Reflections on disaster loss trends, global climate change and insurance

John McAneney*, Ryan Crompton, Rade Musulin, George Walker, Delphine McAneney, Roger Pielke

*Corresponding author for this work

Research output: Chapter in Book/Report/Conference proceedingChapterpeer-review

2 Citations (Scopus)


This chapter summarizes salient findings from the NCCARF-funded report entitled 'Market-based mechanisms for climate change adaptation' by McAneney et al. (2013). It first examines the mechanisms responsible for the increasing cost of natural disasters, the implications of this for climate change adaptation, and briefly explores the capacity of insurance markets to incentivise such adaptation. The chapter summarizes recent Australian scholarship as well as efforts to estimate the timescale at which an anthropogenic climate change signal might be detectable in US hurricane loss data. It also addresses the potential for insurance to be a positive actor in helping to reduce the risk to property by extreme weather that may be influenced by future climate change. After reviewing government involvement in the provision of natural catastrophe insurance, the chapter ends by presenting some brief observations about the challenge posed by the rising toll of natural disasters.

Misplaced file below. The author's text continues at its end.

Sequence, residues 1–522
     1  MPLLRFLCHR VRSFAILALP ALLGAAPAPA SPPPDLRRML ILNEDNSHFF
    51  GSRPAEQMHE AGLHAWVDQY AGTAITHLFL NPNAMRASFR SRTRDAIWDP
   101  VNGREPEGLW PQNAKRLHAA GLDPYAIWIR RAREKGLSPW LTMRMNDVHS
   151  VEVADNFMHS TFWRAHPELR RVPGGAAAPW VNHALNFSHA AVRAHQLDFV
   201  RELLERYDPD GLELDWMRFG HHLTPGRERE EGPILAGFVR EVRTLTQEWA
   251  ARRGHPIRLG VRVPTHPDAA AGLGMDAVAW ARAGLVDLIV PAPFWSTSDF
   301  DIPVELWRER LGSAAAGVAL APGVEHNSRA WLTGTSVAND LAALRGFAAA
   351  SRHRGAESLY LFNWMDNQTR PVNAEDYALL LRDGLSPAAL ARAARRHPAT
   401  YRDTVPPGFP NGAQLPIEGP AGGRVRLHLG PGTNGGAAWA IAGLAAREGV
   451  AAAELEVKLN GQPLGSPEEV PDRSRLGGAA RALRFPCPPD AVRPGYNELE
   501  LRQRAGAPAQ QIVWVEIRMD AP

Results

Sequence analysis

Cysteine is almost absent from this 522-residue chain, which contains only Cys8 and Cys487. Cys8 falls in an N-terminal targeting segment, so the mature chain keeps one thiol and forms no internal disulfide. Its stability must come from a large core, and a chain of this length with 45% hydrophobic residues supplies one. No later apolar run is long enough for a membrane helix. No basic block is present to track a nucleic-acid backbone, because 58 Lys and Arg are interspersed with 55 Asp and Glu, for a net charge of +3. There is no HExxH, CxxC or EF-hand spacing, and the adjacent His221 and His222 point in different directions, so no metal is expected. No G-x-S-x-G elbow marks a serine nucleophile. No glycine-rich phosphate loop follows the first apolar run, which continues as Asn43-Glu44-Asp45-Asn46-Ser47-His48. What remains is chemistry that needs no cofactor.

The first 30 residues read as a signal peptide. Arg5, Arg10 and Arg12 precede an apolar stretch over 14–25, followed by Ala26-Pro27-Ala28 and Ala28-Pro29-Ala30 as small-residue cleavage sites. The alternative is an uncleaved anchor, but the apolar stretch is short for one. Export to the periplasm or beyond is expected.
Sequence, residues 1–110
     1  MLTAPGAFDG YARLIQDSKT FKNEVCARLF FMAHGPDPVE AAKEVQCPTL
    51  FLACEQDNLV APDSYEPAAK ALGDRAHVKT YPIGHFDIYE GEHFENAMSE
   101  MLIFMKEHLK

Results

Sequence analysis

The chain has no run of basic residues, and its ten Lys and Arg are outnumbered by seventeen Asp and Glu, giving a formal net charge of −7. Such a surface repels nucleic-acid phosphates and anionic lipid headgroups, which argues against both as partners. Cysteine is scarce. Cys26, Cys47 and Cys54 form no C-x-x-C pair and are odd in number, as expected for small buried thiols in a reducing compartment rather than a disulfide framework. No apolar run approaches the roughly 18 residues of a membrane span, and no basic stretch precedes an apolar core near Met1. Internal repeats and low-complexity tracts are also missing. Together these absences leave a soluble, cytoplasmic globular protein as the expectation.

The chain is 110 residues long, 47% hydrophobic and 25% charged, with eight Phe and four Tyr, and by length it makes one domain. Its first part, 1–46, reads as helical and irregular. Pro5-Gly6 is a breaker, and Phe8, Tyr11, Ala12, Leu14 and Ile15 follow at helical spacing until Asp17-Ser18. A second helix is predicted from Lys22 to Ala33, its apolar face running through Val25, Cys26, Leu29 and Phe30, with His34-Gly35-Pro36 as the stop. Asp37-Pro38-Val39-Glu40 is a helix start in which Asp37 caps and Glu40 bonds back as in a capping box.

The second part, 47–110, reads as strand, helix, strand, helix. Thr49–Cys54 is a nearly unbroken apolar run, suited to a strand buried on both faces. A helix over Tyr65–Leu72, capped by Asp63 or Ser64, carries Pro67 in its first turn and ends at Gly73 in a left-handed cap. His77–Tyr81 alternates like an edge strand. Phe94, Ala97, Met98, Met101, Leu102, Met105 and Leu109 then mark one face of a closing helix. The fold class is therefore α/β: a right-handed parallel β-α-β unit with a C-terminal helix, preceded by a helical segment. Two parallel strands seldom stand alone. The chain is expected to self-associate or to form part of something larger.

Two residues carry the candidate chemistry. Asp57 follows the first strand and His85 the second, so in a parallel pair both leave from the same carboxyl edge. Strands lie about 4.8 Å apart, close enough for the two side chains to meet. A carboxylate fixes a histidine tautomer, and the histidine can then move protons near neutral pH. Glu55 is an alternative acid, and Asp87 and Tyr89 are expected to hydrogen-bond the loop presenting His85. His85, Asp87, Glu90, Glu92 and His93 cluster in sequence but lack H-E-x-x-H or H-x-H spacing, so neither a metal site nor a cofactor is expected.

Original languageEnglish
Title of host publicationApplied Studies in Climate Adaptation
EditorsJean P. Palutikof, Sarah L. Boulter, Jon Barnett, David Rissik
Place of PublicationChichester, West Sussex, UK
PublisherJohn Wiley & Sons
Number of pages8
ISBN (Electronic)9781118845028
ISBN (Print)9781118845011
Publication statusPublished - 2015


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